Can Europe Make It?

Five Star Movement: saviours of democracy?

Although thriving on the anti-establishment fervour across Italy and Europe, the prospect of a M5S government in Italy could be an unexpected impulse for democracy in the EU.

Enea Desideri
15 December 2016

Five Star Movement leader, Beppe Grillo. Demotix/eidon photographers. Some rights reserved.

First it was Brexit, then Trump, now Italy. The winds of change blowing around the world, fuelled by people’s discomfort with the status quo, have claimed yet another illustrious victim. Matteo Renzi, the young Italian (ex-)Prime Minister once seemingly unstoppable, has finally fallen.

His resignation, in the absence of a strong government or a clear electoral law to hold new elections under, leaves the boot-shaped country in a tricky situation. And yet, for many of Renzi’s opponents, the present times offer an occasion not to be missed.

With the polls placing it head to head with Renzi’s PD, the Five Star Movement (M5S) has emerged as the real winner from the failed attempt to reform the Italian constitution, which it fiercely opposed. On the wings of this fresh triumph, its chances of gaining power have never looked so concrete. Its unexpectedly strong performance in the 2013 elections was already an unprecedented break with the past in the history of the Italian Republic; the prospects are nowadays even more promising for this curious political animal.

Born out of the initiative of the comedian-turned-politician Beppe Grillo, this movement/party has been a reality of Italian politics for quite some time already, and in light of recent developments is now increasingly catching attention abroad too. A Five Star Movement led government is indeed a scenario which worries many in Italy and Europe.

For an EU that struggles to cope with the aftereffects of the Brexit vote and lost as it is in the twists and turns of its economic and immigration crises, a party perceived as openly hostile in charge of one of Europe’s most economically important countries and one of the Founding Six would represent a sea change in modern European history.

Interestingly, far from being limited to the European establishment, a certain scepticism towards the Movement is also widespread among many on the Left who, while staunch critics of the current EU, are not ready to embrace the M5S mission. The latter’s formal proximity to UKIP in the European Parliament in particular, creates the widespread impression that a Five Star government would represent yet another breakthrough for extremist eurosceptic parties in Europe. And yet this perception is rather superficial and largely misconceived. It relies, I believe, on a misunderstanding of what the Movement nowadays stands for.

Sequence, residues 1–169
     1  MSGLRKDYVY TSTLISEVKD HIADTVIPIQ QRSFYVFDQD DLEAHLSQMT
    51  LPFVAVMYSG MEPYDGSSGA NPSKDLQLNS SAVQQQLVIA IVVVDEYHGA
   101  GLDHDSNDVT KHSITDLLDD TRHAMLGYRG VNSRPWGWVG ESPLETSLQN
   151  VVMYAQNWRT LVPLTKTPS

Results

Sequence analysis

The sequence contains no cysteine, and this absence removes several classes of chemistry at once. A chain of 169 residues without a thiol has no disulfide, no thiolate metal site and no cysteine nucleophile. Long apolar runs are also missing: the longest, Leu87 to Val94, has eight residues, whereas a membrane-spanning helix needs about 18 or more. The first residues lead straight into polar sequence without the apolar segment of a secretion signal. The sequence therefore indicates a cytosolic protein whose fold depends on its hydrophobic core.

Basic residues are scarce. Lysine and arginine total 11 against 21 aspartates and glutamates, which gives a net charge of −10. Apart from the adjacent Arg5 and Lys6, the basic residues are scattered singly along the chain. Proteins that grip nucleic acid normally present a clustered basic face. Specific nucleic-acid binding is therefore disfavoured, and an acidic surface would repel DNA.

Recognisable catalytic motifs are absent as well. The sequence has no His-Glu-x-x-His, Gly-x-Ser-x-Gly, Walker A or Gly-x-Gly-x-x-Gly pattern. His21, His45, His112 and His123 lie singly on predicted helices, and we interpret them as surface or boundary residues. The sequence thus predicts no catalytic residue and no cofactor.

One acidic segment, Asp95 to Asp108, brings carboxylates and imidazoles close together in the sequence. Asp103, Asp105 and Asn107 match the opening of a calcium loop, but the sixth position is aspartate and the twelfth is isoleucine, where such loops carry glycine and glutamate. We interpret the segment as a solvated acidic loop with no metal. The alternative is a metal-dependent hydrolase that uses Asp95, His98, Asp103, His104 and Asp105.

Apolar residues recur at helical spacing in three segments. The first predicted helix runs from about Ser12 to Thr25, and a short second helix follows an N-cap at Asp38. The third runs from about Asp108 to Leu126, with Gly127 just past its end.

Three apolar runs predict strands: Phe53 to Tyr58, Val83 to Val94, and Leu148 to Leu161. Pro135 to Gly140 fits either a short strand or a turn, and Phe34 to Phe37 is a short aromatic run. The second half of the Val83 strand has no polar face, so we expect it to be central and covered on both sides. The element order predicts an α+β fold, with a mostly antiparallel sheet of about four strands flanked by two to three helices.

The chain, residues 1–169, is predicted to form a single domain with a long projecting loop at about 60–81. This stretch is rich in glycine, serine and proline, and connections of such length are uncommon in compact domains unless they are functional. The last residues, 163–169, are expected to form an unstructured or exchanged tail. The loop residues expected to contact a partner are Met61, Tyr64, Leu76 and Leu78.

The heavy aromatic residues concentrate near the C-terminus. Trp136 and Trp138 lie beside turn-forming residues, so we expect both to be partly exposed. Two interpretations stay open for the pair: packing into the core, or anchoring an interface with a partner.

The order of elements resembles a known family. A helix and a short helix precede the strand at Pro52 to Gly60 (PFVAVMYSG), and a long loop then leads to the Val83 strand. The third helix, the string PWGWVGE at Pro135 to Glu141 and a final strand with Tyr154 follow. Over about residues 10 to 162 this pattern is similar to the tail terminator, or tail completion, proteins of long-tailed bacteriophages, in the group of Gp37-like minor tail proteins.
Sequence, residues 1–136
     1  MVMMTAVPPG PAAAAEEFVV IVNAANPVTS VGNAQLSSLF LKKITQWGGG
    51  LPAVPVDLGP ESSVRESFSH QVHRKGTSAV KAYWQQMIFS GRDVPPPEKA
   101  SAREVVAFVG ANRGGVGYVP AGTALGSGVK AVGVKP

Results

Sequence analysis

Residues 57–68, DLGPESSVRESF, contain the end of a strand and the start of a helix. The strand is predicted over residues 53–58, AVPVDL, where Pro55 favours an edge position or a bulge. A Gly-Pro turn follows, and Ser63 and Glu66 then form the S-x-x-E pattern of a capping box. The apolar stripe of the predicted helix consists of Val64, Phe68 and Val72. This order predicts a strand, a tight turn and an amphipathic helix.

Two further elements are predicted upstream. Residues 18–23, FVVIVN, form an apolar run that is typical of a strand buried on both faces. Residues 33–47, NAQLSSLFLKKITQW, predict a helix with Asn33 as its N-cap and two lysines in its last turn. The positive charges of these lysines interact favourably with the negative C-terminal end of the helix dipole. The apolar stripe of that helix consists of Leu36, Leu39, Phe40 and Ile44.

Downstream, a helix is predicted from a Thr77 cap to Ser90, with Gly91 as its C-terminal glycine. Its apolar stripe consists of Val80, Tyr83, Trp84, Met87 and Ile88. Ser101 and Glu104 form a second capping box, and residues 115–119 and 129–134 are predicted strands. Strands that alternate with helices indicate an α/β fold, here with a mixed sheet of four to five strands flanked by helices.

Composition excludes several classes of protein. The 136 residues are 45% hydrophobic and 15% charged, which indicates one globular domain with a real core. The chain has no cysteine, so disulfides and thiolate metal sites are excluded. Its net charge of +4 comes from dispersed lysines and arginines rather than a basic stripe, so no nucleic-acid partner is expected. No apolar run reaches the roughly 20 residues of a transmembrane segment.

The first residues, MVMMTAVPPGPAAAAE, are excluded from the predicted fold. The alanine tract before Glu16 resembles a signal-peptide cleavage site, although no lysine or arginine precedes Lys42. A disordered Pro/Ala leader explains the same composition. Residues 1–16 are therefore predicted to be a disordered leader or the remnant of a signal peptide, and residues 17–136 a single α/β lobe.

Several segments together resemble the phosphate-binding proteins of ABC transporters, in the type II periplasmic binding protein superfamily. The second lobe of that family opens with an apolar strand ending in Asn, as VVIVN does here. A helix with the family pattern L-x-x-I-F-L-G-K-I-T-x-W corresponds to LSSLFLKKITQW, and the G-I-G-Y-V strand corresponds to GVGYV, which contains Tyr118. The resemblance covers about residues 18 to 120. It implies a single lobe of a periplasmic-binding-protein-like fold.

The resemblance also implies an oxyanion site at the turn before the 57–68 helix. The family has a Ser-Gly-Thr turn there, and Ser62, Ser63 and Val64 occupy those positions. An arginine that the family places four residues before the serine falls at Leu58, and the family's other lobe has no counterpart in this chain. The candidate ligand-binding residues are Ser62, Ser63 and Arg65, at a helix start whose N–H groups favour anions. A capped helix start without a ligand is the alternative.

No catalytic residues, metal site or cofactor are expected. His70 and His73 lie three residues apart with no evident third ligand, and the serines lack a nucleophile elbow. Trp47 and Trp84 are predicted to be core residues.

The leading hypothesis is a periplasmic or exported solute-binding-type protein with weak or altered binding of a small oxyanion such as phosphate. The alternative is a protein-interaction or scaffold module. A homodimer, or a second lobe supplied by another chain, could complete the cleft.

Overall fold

Once its positions are analysed beyond the easy labels imposed by the current regime of a ‘politics of fear’, the experience of this strange political force stands as an interesting case which, far from being easily dismissed as a eurosceptic party with xenophobic views, comes much closer to those forces on the left-end of the political spectrum such as Syriza or Podemos which, while being populist in their appeal to the people against a corrupt establishment, do not hold a closed and exclusionary conception of the people and avoid nationalistic or xenophobic undertones.

These forces adopt a critical rather than sceptical stance towards the EU and do not see a roll-back of sovereignty as their ultimate goal; the focus being rather on a reversal of austerity economic policies and on the necessity for greater democracy and solidarity in Europe.

Academic studies confirm this ideological proximity, stressing how its voting behaviours in the European Parliament position the Five Stars much closer to the Left than the Right. This might appear unusual given the distrust that shines through Beppe Grillo’s discourse towards what is public and which rests uneasily with the traditional stances of the Left.

Nevertheless, one cannot but notice how, beyond mere rhetoric, many similar proposals link the M5S to the Left. One example is the call for a basic citizenship income, one of the Movement’s pivotal battles.

Furthermore, while the M5S electorate has certainly moved from a traditional electoral base made of left-wing voters to include more varied support, a significant part of its parliamentary class still identifies programmatically with concerns inspired by new politics and the libertarian Left.